Originally posted October 18, 1999; transferred to this site. Note the overly optimistic movie poster.
Lester Burnham (Kevin Spacey) is deep into mid-life crisis. Worse, as he tells us in voice-over, he’ll be dead within a year. Lester has a dead-end job, a frigid, always stressed-out wife (Annette Bening), and a sullen teen-age daughter (Thora Birch) who hates him.
Things start to brighten up when Burnham meets Angela Hayes (Mena Suvari), a friend and fellow cheerleader of his daughter Jane. After Lester overhears Angela remark that he is cute, and that she would like to have sex with him if he worked out a bit, his life changes. He quits his job, blackmails his employer into a generous severance package, buys the 1970 Firebird he always wanted, and takes a job flipping burgers.
Needless to say, this upsets his wife, Carolyn, who starts an affair with the local real estate mogul, Buddy Kane (Peter Gallagher).
Meanwhile, a new family has moved in next door, featuring a psycho drug dealer teen-age son (Wes Bentley) a seriously troubled retired Marine colonel (Chris Cooper), and his depressive zombie wife (Allison Janney).
Ricky, the son, likes taking videos, and soon fixates upon Jane as his favorite subject. At first, this turns her off, but since this is a movie, before long they’re getting together on a regular basis for a bit of mufky-fufky.
Hold onto your hats for the denouement…
When Carolyn and Buddy drive through the burger joint, and are smooching in the car, who do you think is working the window? Surprise, surprise, it’s Lester. His youngish supervisor, also at the window, yells out to the embarrassed wife, “You’re so busted!”
Speaking of windows, later on, the colonel observes Ricky doing something with Lester through a window. He thinks it’s homosexual activity, but it’s actually just a drug deal. When Ricky gets home, the colonel freaks, and beats up his son, throwing him out of the house.
A few minutes later, the colonel approaches Lester, and we are waiting for an eruption, but what we get instead is a good ol’ 1970’s cinema style homosexual kiss on the lips. Lester is startled, and tells the colonel that he must have gotten the wrong idea.
During all this, Carolyn is driving home, listening to her self- improvement tapes with their “I won’t be a victim” mantra, as she is clutching her gun.
Let’s see… Angela is spending the night at the Burnham’s, and Ricky and Jane are planning to run away together. Angela has a big fight with the other two teens, and falls into the waiting arms of Lester, who, naturally, does NOT have sex with her.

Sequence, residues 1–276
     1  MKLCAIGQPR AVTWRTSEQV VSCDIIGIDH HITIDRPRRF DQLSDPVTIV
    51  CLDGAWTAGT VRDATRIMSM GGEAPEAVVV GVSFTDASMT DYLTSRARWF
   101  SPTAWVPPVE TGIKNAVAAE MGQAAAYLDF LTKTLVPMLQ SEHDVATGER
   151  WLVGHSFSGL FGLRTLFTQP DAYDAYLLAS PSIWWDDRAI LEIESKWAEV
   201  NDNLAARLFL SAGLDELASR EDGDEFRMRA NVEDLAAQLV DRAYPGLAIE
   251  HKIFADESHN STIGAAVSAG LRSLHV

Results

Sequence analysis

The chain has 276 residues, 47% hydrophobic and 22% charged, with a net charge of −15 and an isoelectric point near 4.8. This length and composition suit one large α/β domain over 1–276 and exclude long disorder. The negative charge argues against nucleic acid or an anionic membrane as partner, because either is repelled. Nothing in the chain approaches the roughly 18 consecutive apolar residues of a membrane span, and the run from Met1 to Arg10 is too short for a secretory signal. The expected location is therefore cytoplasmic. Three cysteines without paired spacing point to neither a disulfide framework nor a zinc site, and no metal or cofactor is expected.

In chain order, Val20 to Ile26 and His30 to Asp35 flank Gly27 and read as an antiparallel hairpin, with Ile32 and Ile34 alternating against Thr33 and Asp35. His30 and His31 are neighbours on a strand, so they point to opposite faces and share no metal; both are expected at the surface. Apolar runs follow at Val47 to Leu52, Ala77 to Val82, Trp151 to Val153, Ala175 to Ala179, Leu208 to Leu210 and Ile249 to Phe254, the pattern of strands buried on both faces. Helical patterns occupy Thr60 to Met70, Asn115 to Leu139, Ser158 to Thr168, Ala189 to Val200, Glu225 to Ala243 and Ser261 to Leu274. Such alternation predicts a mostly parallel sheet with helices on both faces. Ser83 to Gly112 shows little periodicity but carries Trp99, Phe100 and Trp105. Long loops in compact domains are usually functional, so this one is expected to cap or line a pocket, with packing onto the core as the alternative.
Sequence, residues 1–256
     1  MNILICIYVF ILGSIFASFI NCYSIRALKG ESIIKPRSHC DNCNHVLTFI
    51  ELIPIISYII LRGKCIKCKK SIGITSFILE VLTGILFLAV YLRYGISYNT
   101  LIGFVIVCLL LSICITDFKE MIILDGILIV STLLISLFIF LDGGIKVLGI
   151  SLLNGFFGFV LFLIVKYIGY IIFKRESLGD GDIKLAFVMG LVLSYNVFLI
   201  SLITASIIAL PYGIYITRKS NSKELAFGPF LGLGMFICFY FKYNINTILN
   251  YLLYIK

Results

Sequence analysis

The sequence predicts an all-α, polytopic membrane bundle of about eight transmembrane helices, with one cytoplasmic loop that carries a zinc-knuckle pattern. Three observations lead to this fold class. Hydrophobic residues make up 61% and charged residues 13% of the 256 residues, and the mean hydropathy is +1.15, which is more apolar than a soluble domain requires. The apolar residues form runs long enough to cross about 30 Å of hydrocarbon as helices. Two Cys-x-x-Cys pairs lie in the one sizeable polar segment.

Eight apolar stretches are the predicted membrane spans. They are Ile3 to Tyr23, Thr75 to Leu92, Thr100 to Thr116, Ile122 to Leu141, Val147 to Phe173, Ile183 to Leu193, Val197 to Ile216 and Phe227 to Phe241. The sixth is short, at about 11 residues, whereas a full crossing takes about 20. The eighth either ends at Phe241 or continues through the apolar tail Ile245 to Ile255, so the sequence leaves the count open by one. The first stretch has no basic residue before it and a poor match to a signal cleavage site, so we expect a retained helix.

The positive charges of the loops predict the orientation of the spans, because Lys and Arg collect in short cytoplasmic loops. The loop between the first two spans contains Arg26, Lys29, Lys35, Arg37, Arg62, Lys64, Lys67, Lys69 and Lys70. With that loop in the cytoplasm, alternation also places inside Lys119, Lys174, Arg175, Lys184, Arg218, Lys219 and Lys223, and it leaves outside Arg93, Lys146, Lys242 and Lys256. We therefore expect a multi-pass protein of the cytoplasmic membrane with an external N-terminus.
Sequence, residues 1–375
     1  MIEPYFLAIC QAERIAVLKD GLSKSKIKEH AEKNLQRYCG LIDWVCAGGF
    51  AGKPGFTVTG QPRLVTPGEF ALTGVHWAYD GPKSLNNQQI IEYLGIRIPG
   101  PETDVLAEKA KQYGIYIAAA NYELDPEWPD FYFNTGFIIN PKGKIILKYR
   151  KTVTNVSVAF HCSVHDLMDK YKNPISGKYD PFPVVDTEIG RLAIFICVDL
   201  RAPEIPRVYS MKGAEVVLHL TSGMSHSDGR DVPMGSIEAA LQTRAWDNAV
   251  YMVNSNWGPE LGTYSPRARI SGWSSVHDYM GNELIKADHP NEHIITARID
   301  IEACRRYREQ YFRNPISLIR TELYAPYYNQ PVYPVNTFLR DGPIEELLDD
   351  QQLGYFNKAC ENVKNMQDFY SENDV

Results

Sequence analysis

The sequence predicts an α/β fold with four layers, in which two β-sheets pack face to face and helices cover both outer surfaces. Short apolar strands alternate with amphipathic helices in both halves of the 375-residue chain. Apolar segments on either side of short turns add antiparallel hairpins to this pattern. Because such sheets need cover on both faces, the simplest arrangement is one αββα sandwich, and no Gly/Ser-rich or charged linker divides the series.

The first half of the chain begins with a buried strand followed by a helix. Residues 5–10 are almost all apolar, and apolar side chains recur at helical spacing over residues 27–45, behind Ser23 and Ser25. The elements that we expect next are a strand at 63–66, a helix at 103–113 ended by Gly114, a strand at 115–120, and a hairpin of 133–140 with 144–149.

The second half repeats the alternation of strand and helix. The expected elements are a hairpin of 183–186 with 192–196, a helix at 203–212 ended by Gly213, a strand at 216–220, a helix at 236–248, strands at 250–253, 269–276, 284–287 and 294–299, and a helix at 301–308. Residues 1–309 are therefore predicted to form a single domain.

After all this, there is a close-up of a gun to his head, and you’re sure that it’s Carolyn at the other end. Lester is killed.
But, Land Sakes!! The killer is revealed to be the colonel, replete with gloves to protect him from AIDS (even though he has blood splatter covering the rest of his unprotected body.) If this all seems contrived, it comes across even worse in the movie.
That virtually all critics nationwide are praising this pic says a whole lot more about film critics than it does about American Beauty.
The dysfunctional family thing has been done earlier and better in The Graduate (1967) and Over the Edge (1979). The notion of the sexual braggart unmasked as a virgin (as in Angela’s last scene with Lester) has been done hundreds of times before, and the uptight latent homosexual martinet is another tired cliché.
How about the acting? The kids come off much better than the adults. Spacey performs his patented strong/weak good/bad guy routine that we’ve seen before in The Usual Suspects (1995) and The Negotiator (1998). Bening is just irritating beyond belief, while Janney and Cooper don’t get much to work with.
The film’s best perf is brought in by Suvari. Of course, she has the only normal role. As I’ve said before, it’s much easier acting the weirdo than playing a real person in crisis.
My heart does go out to both Suvari and Birch, who must bare their breasts, totally unnecessarily, in a sort of crypto kiddie porn experience. If the producers and marketers were trying to appeal to teen-age boys, these scenes, and these alone, might fill that bill.
No doubt, writer Alan Ball and director Sam Mendes kept congratulating themselves throughout the making of this pic as to how cool, hip, and sophisticated they are. But, really, more cogent glimpses of what’s wrong with America can be had better and cheaper via talk radio.
How sad that a movie which has been correctly derided as a combination of American Pie (1999) and Office Space (1999) can be taken so seriously by so many.